Block on Trump's Asylum Ban Upheld by Supreme Court
The California Supreme Court on Friday announced that it will hear oral arguments in Perry v. Brown from 10:00 a.m. to 11:00 a.m. on Tuesday, September 6, 2011, in the Supreme Court Courtroom, Earl Warren Building at 350 McAllister Street in San Francisco.
The court is hearing arguments to decide whether the official proponents of Proposition 8 have legal standing to defend the measure in the case now pending before the U.S. Circuit Court of Appeals for the Ninth Circuit.
Earlier this year, the Ninth Circuit Court of Appeals denied the plaintiffs' motion in the Proposition 8 lawsuit to vacate the stay of the decision overturning California's constitutional ban on gay marriage, thus keeping the ban in effect until the court issues its decision in the case. In January 2011, the federal court requested the state Supreme Court to review the standing issue. After considering the matter, the Supreme Court agreed to do so. As stated by the Ninth Circuit, the standing issue is as follows:
"Whether under Article II, Section 8 of the California Constitution, or otherwise under California law, the official proponents of an initiative measure possess either a particularized interest in the initiative's validity or the authority to assert the State's interest in the initiative's validity, which would enable them to defend the constitutionality of the initiative upon its adoption or appeal a judgment invalidating the initiative, when the public officials charged with that duty refuse to do so."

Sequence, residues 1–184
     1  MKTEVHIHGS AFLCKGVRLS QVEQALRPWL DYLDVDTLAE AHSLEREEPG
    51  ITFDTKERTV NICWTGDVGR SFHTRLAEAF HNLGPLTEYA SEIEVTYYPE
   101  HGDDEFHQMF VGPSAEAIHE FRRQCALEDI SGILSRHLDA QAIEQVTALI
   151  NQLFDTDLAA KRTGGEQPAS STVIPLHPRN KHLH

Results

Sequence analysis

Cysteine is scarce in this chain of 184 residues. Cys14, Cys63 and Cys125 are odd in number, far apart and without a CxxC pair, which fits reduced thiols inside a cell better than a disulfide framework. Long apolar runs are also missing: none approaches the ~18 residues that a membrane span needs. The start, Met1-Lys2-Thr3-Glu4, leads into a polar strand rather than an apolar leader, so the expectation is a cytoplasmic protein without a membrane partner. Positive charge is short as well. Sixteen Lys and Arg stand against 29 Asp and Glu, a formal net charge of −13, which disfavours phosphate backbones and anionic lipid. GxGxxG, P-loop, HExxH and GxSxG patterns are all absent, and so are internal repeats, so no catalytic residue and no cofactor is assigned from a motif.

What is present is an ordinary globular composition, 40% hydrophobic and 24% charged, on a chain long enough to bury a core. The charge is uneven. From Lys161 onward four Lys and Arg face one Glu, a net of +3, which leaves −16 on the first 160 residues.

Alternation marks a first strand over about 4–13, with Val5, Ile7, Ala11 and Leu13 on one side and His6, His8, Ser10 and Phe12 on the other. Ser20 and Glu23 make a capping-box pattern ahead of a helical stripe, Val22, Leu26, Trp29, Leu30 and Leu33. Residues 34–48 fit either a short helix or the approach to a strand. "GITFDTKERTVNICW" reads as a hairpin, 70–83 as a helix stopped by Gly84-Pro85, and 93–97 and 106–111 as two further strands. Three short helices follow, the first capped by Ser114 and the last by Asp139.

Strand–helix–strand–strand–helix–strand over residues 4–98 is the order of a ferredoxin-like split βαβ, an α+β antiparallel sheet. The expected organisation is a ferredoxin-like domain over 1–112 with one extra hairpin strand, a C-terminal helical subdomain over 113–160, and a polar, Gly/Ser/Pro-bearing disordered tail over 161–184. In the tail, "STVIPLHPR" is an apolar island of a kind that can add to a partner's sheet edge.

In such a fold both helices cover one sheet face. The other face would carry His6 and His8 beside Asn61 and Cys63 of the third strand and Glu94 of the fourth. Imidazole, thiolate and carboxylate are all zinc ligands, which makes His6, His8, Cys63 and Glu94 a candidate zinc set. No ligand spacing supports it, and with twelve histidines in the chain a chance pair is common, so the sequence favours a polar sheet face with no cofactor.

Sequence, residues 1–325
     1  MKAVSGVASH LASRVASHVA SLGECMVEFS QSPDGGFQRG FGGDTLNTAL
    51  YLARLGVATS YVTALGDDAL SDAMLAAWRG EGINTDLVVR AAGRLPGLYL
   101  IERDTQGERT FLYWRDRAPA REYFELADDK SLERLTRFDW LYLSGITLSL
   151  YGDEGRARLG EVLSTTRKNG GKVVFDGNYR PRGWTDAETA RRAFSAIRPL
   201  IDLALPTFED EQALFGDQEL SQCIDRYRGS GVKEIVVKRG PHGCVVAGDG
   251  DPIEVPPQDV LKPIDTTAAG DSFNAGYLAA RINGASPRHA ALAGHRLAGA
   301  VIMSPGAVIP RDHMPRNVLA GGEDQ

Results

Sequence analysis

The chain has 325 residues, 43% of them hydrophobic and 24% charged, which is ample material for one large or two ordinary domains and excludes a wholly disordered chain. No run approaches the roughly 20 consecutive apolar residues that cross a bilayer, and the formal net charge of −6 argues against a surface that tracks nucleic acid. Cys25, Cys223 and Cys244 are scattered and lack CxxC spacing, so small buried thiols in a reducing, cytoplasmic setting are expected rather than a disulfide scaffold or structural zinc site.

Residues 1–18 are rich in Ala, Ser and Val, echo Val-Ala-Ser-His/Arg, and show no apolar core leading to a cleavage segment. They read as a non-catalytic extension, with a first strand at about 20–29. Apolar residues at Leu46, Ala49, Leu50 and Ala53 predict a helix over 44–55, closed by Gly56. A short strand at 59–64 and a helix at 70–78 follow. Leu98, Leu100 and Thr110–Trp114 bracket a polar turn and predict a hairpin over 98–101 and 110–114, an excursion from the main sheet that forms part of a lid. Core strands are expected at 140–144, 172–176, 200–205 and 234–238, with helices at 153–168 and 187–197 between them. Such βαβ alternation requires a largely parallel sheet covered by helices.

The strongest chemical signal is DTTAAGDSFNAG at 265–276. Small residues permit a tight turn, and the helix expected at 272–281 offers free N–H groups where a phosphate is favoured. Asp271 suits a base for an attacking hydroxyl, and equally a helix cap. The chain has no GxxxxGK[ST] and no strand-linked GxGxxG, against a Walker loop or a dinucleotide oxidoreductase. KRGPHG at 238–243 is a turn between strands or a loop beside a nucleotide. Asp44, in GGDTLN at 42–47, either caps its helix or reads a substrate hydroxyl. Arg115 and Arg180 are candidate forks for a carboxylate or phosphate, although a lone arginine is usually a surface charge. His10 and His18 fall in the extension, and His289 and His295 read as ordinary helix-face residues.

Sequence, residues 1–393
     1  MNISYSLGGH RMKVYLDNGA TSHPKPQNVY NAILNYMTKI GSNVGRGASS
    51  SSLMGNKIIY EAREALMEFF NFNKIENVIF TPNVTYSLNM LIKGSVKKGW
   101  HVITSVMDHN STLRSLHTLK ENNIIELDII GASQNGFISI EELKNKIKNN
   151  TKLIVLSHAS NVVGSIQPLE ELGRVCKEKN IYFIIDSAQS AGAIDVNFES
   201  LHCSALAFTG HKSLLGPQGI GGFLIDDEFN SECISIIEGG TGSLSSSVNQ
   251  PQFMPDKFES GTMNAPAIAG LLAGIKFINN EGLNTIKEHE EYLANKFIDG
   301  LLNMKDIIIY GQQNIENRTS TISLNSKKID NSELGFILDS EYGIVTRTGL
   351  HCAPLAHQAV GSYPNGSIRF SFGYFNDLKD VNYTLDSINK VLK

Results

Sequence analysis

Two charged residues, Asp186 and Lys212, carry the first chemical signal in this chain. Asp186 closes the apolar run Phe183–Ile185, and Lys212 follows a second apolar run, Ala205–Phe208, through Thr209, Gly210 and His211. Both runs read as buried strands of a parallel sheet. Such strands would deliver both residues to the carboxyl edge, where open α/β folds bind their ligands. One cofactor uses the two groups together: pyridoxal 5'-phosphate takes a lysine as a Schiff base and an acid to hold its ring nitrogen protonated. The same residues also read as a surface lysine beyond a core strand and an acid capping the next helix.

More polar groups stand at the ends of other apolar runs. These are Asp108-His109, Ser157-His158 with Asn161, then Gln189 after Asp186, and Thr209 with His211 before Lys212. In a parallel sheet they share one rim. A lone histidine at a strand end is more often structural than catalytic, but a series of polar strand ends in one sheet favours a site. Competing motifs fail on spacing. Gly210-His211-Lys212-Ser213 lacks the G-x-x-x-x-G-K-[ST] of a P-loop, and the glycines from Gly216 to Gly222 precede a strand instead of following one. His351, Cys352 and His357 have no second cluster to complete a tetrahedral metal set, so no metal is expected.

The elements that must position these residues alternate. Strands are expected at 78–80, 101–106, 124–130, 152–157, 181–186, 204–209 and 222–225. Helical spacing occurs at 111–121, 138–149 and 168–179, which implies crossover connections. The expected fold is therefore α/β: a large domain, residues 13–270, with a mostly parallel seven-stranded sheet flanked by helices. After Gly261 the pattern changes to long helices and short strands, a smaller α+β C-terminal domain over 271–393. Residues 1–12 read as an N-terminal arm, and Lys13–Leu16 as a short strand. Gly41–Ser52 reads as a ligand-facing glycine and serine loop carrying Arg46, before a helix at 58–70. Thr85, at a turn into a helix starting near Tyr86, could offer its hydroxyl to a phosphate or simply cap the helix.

In April, attorneys for ProtectMarriage asked the court to void retired-Chief Judge Vaughn Walker's 2010 ruling against Proposition 8. The group, which sponsored the Proposition 8 legislation in 2008, argued that Walker could not have remained impartial because he was in a ten-year, same-sex relationship.
Protect Marriage argued in its motion that Walker had a duty to disclose his relationship and step down before deciding whether a ban on same-sex marriage violated the federal Constitution. In June, new Chief Judge James Ware refused to invalidate the ruling, noting that it was unreasonable to conclude that Walker had such a great interest in marrying that he was incapable of performing his judicial duties, reports The Los Angeles Times.
Due to widespread public interest in the Proposition 8 standing hearing, the Supreme Court has approved a live statewide television broadcast of oral arguments on the California Channel, a statewide public affairs network.
A limited number of seats for public and press will be available in the courtroom. The court also will provide an overflow viewing area for the public and press in the Milton Marks Conference Center Auditorium, located on the lower level of the Hiram Johnson State Office Building at 455 Golden Gate Avenue in San Francisco.
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